Headmaster Blog

In my blog two weeks ago, I focused on the fundamental theme that parents must be the primary spiritual mentors for their children, even if their kids are in a solid youth group and Christian school.  At the risk of stepping on some toes, I want to continue this theme by sharing the words of a youth pastor who relates his observations about the vital need for dads to be the leaders in this spiritual

OCA Special Accomplishments

Posted on March 1, 2018
Category: Uncategorized
My blogs recently have been focusing on raising up a child as part of Christian Education. In this blog I wanted to celebrate some accomplishments of some of our OCA students. This past week the OCA girls’ varsity basketball team won the SCAA championship along with the regular season championship. This is the first time in school history that one of our basketball teams won the SCAA championship. Congratulations Lady Eagles. A second first for

Parenting and Spiritual Transmission

Posted on February 9, 2018
Category: Uncategorized
While in some of my blogs I like to celebrate the  accomplishments of our students and staff, I find most of my topics tend to gravitate toward weighty issues related to the challenges with which we are faced as parents and educators. I was quite struck recently when reading the introduction to the C.S. Lewis Institute’s Aslan Academy Parent’s’ Guidebook designed to help dad and mom disciple their children.  The words are so profound that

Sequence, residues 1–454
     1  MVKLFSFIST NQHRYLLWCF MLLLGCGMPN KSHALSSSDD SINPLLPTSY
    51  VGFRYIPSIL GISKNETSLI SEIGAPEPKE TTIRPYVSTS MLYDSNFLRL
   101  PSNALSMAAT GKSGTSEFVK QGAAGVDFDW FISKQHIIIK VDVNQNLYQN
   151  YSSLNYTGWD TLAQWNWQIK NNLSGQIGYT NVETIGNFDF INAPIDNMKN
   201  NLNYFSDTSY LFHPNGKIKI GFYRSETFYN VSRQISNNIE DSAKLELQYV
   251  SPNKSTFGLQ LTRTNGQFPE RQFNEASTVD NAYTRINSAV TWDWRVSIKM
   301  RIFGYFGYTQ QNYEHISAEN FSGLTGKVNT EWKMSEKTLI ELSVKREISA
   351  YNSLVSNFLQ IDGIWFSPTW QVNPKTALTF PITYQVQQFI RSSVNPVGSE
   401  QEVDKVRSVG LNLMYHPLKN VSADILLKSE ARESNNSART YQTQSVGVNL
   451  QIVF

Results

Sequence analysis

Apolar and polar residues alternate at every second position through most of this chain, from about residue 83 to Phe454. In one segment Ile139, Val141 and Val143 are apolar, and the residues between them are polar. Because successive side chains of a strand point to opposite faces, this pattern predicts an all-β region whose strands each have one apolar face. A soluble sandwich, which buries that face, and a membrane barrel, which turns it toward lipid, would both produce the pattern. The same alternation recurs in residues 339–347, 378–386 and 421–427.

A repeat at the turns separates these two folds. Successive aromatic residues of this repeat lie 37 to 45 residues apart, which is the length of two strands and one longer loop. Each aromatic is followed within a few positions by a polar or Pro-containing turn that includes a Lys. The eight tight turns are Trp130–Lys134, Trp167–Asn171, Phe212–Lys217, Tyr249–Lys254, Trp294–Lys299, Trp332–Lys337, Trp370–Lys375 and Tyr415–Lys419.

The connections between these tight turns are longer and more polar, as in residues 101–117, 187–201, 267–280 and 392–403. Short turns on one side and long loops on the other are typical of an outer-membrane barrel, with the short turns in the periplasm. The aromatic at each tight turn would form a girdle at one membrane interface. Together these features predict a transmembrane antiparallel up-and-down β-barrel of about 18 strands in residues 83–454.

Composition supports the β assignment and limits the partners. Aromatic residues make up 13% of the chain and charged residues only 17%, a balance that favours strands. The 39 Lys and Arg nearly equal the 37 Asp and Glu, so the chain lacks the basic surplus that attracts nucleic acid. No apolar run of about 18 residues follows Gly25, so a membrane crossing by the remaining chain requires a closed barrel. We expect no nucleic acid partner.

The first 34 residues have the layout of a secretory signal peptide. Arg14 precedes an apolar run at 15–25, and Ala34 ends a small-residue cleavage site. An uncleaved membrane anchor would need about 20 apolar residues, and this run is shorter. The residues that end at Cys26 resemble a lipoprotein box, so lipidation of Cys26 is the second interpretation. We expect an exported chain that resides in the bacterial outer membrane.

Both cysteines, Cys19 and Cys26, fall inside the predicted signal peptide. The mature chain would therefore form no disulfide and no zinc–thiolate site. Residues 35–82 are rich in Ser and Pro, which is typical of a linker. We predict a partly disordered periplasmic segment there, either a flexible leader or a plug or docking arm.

In the last three blogs, I have provided a brief overview of Christian education in the extended history of the church.  Throughout the centuries, the education of children and youth was, to say the least, a top priority for the church!  Yet, in spite of centuries of tradition, the American church began to abdicate this sacred responsibility to the state in the mid to late 1800’s.  How could this happen? In the years following the
We have considered a few examples of the Church’s tradition of Christian education in the pre-Reformation and Reformation years.  Let us consider in this blog some post-Reformation examples as included in C. B. Eavey’s History of Christian Education (Moody Press, Chicago, ILL, 1971): John Comenius (1592 – 1670) is considered the “father of modern education” by many Christian scholars because of his theories on pedagogy and how children best learn.  What modern, secular textbooks often